759

Glasses

582 To Mary Yeoman, of Mousehole,

Some Account of an Eminent Man.. 583 Cornwall....

760

Four Letters to his Father,

584 Seven Letters to Mr. Merryweather

Seven Letters to his Mother .... 589 of Yarm..

760

Thirteen Letters to his Brother Samuel 595 Two Letters to Mrs. Emma Moon:

To a Friend

609

762

Two Letters to Mr. Oglethorpe.. 611 Thirty-seven Letters to a member of

To Mr. Hutcheson..

613

the Society

763

To Mr. Vernon....

614 Thirty-three Letters to Mr. Christo-

To Mr. - of Lincoln College 614 pher Hopper.

785

To Mrs. Chaproan

615 To Mr. Thomas Carlil

........ 795

Varm.....

A LETTER

TO

A PERSON LATELY JOINED WITH THE PEOPLE

CALLED QUAKERS.

IN ANSWER TO A LETTER WROTE BY HIM.

Bristol, February 10, 1747-8. You ask me, “Is there any difference between Quakerism and Christianity ?" I think there is. What that difference is, I will tell you as plainly as I can.

I will, First, set down the account of Quakerism, so called, which is given by Robert Barclay; and, Then, add wherein it agrees with, and wherein it differs from, Christianity.

“1. Seeing the height of all happiness is placed in the true knowledge of God, the right understanding of this is what is most necessary to be known in the first place.

“2. It is by the Spirit alone that the true knowledge of God hath been, is, and can be, revealed. And these revelations, which are absolutely necessary for the building up of true faith, neither do, nor can, ever contradict right reason or the testimony of the Scriptures.”

Thus far there is no difference between Quakerism and Christianity.

" Yet these revelations are not to be subjected to the examination of the Scriptures as to a touchstone."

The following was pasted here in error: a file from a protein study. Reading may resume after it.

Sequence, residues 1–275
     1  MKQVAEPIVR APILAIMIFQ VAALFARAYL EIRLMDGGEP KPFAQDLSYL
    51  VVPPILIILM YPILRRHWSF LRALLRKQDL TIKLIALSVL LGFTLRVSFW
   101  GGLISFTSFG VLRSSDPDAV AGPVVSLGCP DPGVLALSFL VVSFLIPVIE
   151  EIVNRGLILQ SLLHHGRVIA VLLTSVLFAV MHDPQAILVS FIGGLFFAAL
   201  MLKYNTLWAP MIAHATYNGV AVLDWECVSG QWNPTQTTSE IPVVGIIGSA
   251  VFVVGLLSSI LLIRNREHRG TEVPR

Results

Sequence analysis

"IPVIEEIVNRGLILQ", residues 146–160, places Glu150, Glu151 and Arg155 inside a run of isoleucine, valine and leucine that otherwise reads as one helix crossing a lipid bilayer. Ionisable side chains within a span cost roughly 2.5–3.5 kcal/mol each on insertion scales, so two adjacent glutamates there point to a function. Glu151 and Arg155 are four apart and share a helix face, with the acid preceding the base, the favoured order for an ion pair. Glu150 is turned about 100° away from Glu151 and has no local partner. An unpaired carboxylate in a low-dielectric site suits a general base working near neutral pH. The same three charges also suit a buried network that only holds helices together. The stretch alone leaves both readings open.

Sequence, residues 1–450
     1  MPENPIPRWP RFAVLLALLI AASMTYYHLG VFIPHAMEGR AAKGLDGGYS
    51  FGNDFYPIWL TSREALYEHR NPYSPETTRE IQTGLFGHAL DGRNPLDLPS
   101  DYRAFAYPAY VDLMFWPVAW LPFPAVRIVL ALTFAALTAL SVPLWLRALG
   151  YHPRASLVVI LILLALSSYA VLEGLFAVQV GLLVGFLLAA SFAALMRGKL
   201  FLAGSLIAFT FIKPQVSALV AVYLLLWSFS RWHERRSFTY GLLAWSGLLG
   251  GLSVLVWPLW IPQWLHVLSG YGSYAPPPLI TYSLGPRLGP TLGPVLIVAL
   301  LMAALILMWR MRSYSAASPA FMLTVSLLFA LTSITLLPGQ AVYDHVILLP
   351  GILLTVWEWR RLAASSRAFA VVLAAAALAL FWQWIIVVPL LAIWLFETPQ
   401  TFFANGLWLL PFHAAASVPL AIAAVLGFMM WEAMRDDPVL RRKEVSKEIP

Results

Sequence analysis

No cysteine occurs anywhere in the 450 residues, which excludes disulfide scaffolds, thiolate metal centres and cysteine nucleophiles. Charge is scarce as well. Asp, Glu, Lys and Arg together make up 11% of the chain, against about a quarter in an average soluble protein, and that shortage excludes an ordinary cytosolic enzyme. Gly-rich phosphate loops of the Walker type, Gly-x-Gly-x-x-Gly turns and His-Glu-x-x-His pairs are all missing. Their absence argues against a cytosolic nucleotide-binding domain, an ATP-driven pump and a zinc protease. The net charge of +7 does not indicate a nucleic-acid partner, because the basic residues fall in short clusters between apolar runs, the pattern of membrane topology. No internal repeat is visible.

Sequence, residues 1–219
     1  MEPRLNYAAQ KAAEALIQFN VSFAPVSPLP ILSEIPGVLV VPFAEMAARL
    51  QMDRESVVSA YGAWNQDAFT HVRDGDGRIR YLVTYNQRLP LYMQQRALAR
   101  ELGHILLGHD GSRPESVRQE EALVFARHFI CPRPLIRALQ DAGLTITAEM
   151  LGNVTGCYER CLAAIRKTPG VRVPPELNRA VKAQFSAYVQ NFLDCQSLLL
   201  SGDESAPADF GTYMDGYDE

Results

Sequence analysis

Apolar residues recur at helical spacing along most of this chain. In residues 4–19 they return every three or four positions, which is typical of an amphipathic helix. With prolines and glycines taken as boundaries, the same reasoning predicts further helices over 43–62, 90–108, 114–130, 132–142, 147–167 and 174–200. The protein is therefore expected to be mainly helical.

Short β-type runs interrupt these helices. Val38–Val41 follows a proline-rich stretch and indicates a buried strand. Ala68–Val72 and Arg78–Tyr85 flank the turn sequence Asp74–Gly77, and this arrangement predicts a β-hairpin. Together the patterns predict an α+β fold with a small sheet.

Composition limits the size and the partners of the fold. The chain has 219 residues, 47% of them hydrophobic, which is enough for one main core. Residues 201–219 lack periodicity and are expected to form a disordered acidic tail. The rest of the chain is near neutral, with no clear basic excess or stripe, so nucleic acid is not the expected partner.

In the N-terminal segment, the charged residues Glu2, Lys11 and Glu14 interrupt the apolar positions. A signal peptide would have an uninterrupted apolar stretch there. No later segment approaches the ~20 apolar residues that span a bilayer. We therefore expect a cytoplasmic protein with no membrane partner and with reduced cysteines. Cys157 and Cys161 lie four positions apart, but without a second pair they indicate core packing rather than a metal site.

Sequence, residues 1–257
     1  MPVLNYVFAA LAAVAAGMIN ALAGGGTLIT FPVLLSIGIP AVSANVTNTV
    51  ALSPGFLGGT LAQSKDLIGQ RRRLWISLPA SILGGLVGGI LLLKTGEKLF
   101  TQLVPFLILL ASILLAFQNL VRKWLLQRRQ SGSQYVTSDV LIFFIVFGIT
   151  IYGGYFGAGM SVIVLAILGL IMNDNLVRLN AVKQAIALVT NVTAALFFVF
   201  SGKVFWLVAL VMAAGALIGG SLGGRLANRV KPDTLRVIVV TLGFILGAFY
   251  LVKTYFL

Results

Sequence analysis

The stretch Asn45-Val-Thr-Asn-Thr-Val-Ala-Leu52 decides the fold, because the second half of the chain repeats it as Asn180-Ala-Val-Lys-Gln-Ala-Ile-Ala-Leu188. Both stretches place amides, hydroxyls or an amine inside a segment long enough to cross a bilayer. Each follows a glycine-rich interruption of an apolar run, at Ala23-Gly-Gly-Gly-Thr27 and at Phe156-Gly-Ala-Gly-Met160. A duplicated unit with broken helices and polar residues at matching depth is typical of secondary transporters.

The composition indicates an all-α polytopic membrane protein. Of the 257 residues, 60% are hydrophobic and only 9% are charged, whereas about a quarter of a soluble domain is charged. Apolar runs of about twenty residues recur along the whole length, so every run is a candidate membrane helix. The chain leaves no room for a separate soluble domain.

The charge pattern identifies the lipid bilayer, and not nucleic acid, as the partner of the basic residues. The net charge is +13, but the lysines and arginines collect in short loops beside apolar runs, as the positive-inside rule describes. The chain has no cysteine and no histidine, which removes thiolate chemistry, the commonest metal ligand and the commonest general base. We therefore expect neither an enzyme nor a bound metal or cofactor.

Here there is a difference. The Scriptures are the touchstone whereby Christians examine all, real or supposed, revelations. In all cases they appeal to the law and to the testimony,” and try every spirit thereby.

“3. From these revelations of the Spirit of God to the saints, have ceeded the Scriptures of truth.”

In this there is no difference between Quakerism and Christianity.

“Yet the Scriptures are not the principal ground of all truth and knowledge, nor the adequate, primary rule of faith and manners. Nevertheless, they are a secondary rule, subordinate to the Spirit. By him the saints are led into all truth. Therefore, the Spirit is the first and principal leader.”

If by these words, “ The Scriptures are not the principal ground of truth and knowledge, nor the adequate, primary rule of faith and manners,” be only meant, that “ the Spirit is our first and principal leader;" here is no difference between Quakerism and Christianity.

But there is great impropriety of expression. For, though the Spirit is our principal leader, yet he is not our rule at all; the Scriptures are the rule whereby he leads us into all truth. Therefore, only talk good English; call the Spirit our guide, which signifies an intelligent being, and the Scriptures our rule, which signifies something used by an intelligent being, and all is plain and clear.

“4. All mankind is fallen and dead, deprived of the sensation of this inward testimony of God, and subject to the power and nature of the devil, while they abide in their natural state. And hence not only their words and deeds, but all their imaginations, are evil perpctually in the sight of God.